Many people point out that a soldier must be reassured that his country will stand behind him completely if he is taken prisoner. That’s how it should be – to a limit. Every soldier should know that in the event of war his country will do everything possible to minimize the chance of his slaying or injury on the battlefield. But it is impossible to guarantee absolute immunity to death or injury. And of course every soldier knows this. Every soldier knows that there is a limit to how much he can be protected against enemy fire and that when he goes into combat he might be killed. He accepts it. It’s the same with the kidnapped prisoner. Everyone must know there is a limit to what a country is willing to bargain in a prisoner deal.

Retaliation to terror should be in the form of dreadful deterrent – similar to the way that Prime Minister Olmert sent Israel’s air force into action immediately following the abduction of Regev and Goldwasser – bombardment of vital installations – preferably connected with terrorist organizations, together with a demand for the immediate release of the hostages. But ridiculously, two years ago, Israel was not prepared to deal with the retaliatory rocket bombardment of Northern Israel. That was utterly unforgiveable because every seventh-grade kid in the country knew that for a number of years prior to the outbreak of the war, the Hizbolla organization had tens of thousands of rockets aimed at northern Israel. They should have been destroyed the moment they were installed, which began almost immediately after Israel’s withdrawal from southern Lebanon in the year 2000. Mr. Olmert was not solely responsible for that unforgiveable shortcoming. Lessons should have been drawn from this fact. The inability to cope with massive rocket attacks on Israel’s civilian population, renders her unable to exact appropriate deterrent action against the terror organizations and this situation, it has been said by sources in higher circles, is being remedied. If not the bungling on Israel’s part will continue and the scope of the terror from the north will erupt again in the future and probably be far more worse than ever before.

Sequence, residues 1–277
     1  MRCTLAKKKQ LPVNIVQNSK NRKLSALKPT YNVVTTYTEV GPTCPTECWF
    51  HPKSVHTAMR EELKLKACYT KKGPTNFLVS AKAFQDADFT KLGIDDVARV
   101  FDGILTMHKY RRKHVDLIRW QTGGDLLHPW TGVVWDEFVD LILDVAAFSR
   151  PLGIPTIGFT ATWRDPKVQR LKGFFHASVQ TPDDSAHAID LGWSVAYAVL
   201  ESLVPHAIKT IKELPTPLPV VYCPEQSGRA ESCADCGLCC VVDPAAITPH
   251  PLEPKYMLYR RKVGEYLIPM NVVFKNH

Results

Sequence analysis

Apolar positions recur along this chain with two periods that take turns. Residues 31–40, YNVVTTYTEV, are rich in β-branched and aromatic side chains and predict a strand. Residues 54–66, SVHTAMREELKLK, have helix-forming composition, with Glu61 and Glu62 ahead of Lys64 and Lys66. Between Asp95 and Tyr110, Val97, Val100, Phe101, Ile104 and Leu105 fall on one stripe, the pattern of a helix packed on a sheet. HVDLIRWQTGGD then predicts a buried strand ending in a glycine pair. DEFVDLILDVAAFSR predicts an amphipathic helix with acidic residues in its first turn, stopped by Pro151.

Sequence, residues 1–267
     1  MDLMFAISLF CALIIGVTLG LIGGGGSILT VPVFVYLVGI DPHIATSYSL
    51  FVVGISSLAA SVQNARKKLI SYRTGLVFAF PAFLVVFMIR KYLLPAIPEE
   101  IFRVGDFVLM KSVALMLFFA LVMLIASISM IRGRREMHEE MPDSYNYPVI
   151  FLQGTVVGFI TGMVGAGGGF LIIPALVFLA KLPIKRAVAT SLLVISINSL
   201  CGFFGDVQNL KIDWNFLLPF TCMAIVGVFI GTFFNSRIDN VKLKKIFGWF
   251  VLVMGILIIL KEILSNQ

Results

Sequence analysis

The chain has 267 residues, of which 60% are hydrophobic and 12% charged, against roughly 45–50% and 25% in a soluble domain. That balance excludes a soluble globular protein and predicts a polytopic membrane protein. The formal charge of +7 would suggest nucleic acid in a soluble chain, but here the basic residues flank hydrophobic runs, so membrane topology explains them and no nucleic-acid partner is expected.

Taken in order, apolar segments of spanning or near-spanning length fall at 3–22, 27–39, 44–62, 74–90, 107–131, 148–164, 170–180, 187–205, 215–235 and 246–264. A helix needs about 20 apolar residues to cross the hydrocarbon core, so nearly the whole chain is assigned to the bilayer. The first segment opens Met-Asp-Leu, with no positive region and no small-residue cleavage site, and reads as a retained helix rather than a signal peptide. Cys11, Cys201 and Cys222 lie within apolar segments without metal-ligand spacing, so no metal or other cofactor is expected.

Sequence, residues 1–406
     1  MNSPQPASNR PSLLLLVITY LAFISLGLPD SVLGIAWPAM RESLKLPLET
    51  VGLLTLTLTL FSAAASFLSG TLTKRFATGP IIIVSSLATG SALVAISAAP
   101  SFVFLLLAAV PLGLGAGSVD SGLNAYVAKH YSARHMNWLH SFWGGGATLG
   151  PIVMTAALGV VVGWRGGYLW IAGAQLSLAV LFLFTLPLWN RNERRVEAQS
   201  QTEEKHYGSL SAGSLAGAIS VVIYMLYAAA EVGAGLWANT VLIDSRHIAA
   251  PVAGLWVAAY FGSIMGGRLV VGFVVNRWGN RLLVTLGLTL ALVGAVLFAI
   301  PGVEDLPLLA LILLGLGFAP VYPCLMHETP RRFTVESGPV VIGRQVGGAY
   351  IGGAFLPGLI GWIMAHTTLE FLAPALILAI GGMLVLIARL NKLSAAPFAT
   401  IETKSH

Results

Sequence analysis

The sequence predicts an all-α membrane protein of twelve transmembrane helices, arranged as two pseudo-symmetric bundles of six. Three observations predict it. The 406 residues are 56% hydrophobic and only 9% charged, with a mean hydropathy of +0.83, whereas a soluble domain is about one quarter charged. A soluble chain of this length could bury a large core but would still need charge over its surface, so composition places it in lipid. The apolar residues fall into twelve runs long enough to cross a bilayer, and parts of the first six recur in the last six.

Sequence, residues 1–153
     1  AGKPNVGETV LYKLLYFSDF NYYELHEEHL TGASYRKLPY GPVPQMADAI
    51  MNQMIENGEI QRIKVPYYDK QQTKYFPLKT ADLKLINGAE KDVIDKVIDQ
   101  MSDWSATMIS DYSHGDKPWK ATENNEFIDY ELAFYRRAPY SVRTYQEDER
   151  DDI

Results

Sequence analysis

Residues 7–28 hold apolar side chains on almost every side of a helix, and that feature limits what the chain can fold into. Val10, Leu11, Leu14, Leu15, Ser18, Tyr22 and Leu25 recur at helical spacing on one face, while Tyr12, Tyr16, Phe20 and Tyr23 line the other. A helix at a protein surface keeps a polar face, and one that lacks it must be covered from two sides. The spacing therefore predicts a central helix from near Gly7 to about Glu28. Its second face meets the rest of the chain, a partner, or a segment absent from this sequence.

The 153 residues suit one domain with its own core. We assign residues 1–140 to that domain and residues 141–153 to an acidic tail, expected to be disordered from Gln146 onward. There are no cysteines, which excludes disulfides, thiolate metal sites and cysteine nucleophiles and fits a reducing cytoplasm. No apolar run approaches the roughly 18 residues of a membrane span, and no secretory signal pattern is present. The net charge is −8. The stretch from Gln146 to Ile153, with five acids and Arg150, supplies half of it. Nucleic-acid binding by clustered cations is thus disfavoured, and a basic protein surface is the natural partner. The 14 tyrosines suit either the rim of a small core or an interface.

Meanwhile in the south, Hamas is demanding the release of 1,000 terrorists now in Israeli jails in exchange for kidnapped soldier Gilat Schalit. Most of them are convicted murderers including the fiends behind the Seder massacre at the Park Hotel in Netanya where 30 people were murdered on March 27, 2002. What kind of bearing will the release of a satanic murderer in return for the bodies of Regev and Goldwasser, have on the outcome of the negotiations regarding Gilat Schalit?

Caroline Glick of The Jerusalem Post recently wrote: “It is impossible to know precisely how many Israelis will be killed in the future if the deals now on the table are approved. But past experience shows that at a minimum, dozens of Israelis now innocently going about their business will be murdered by the terrorists Israel releases. And at a minimum, (in the future) one or two Israelis will be abducted by Hamas or Hizbullah or one of their sister terror organizations. They will be abducted in Israel or while they are travelling abroad and they will be brought to Lebanon or Gaza and the cycle of blood extortion and psychological warfare will begin anew.”

Actually, the Regev, Goldwasser and Schalit families, in their determined and understandable quest to have their sons returned, have become powerful, compelling voices for Hizbullah and Hamas.

Nathan Sharansky, the former prisoner of Zion, once said: “As a prisoner, it is important to know that your country is doing everything it can to secure your release. But it is also true that you are not willing to be released at any price. There are things that are more important than your personal survival.”